Republican presidential candidate Mitt Romney and civil rights activist Al Sharpton traded angry, racially charged accusations yesterday, with Romney alleging that Sharpton had uttered “bigoted” comments about Mormonism.
On the campaign trail in Iowa, Romney was asked about Sharpton’s comment during a debate Monday that “those of us who believe in God” will defeat Romney. The former Massachusetts governor told reporters that such a comment “shows that bigotry still exists in some corners.”
Sharpton angrily denied Romney’s charge in a telephone interview yesterday, and he accused Romney of stoking a verbal war with him to gain support among conservatives.
Sharpton said his comments have been taken out of their original context — a debate about religion with journalist Christopher Hitchens, who Sharpton said had suggested that Mormonism once advocated segregation.
“Attacking me, not Hitchens, shows [Romney] is playing politics,” Sharpton said. “What is bigoted about asking . . . about a denomination based on racism?”
Sharpton called on Romney to address whether the Mormon Church ever supported segregation. “He needs to clarify the truth or non-truth of what I was presented,” Sharpton said.
Richard N. Ostling, co-author of “Mormon America,” said the Church of Jesus Christ of Latter-day Saints, as the church is formally known, never officially sanctioned segregation. But until 1978, he said, the church barred any male with “African blood” from being a “priest,” a designation given to males over the age of 12.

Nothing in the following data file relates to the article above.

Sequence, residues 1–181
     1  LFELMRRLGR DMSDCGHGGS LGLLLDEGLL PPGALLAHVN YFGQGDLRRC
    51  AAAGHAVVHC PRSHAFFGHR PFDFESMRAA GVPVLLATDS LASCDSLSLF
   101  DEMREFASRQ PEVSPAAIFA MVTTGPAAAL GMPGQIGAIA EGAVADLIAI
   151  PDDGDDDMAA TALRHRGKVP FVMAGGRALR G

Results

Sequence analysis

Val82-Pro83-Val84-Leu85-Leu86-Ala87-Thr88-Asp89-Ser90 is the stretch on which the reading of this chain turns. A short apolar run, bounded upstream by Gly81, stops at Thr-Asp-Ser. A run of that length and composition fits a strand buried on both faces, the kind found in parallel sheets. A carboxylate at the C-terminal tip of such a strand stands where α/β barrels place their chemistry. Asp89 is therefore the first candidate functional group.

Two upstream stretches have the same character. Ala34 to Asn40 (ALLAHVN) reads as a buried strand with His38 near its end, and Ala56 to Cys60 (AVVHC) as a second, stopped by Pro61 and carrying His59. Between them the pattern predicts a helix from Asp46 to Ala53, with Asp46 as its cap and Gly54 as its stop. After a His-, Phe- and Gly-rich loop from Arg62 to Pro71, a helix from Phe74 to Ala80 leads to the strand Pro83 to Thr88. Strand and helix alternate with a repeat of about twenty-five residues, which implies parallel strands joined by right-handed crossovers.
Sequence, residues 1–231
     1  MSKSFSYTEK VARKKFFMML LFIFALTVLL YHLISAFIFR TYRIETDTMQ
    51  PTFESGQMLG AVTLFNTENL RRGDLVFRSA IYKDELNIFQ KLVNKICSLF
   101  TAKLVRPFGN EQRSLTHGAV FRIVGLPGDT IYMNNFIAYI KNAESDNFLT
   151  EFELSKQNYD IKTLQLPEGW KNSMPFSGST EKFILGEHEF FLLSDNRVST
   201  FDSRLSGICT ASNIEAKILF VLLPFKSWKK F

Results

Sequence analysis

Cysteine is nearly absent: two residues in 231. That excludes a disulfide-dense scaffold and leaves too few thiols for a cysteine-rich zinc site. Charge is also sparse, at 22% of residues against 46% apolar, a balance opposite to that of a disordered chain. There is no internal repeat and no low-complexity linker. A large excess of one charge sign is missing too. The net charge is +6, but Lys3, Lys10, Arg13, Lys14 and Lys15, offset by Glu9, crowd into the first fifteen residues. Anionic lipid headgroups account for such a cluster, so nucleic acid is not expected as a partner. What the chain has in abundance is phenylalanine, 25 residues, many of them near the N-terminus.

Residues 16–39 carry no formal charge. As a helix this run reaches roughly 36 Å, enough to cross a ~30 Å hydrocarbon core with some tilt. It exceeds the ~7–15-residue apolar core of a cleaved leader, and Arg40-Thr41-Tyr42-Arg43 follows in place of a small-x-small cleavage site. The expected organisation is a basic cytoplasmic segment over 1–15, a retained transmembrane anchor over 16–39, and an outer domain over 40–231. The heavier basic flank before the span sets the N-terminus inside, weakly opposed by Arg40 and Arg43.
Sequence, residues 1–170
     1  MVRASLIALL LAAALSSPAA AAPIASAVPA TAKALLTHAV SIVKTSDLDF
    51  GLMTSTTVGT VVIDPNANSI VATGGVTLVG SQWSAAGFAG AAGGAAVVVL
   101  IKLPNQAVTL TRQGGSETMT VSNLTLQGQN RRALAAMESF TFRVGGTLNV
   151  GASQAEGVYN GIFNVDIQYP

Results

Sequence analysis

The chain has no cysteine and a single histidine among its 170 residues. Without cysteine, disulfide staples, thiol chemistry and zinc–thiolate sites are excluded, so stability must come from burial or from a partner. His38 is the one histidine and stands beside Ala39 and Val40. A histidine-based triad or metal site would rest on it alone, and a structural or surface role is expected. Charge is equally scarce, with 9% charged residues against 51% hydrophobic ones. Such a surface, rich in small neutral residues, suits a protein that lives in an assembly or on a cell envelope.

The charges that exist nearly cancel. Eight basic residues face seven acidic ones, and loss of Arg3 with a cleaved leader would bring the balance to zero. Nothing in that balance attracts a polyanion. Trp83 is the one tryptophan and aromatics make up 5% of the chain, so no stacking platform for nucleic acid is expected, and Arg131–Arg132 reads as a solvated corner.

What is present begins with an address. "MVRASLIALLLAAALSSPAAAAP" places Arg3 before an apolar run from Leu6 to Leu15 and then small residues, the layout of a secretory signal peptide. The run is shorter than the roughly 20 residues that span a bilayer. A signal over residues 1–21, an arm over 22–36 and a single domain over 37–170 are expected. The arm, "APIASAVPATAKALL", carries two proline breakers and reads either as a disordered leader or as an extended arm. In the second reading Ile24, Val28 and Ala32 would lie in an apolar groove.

“That pertains to not only holding church office but performing very routine functions and has afterlife implications,” Ostling said. “That teaching goes back at least to 1849.”
The back-and-forth highlights Romney’s sensitivity on issues relating to his faith. If elected, he would become the first Mormon president, which he plays down on the campaign trail.
Romney spokesman Kevin Madden said Sharpton owes Romney an apology “for the initial attack.” He added: “We are simply responding to a gratuitous attack from Reverend Sharpton. It’s sad that he would continue to target any fellow American on the issue of faith.”
Romney has praised his church’s decision to “ordain African Americans,” Madden said. “He has spoken very sincerely about how great a day he thought that was. He is somebody who is absolutely against discrimination.”
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